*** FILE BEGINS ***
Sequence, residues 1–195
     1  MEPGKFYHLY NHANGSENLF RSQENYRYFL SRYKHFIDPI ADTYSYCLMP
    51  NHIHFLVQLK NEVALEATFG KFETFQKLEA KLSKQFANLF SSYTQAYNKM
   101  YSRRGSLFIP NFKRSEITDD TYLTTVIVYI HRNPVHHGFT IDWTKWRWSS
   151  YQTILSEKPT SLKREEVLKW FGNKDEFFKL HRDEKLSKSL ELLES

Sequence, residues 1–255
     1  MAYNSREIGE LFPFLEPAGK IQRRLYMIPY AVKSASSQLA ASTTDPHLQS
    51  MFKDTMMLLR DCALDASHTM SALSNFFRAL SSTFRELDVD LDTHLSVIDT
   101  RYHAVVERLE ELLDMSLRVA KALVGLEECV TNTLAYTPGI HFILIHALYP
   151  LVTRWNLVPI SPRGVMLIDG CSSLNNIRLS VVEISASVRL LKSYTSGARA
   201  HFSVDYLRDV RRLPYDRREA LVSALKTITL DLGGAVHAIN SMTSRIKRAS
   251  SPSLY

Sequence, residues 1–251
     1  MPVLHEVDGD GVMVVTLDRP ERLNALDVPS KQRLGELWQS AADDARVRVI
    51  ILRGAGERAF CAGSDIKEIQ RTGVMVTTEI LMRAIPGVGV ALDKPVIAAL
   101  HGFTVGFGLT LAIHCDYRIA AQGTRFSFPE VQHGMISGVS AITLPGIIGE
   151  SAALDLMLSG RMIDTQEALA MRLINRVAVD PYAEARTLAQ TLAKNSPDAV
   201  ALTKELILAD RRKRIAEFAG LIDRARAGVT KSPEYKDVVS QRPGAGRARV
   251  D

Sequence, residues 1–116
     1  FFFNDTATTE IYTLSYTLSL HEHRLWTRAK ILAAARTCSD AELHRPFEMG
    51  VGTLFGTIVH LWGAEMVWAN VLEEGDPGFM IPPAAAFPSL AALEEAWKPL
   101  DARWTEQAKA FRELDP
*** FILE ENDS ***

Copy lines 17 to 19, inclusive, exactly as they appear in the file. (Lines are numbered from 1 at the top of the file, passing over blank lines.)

   151  SAALDLMLSG RMIDTQEALA MRLINRVAVD PYAEARTLAQ TLAKNSPDAV
   201  ALTKELILAD RRKRIAEFAG LIDRARAGVT KSPEYKDVVS QRPGAGRARV
   251  D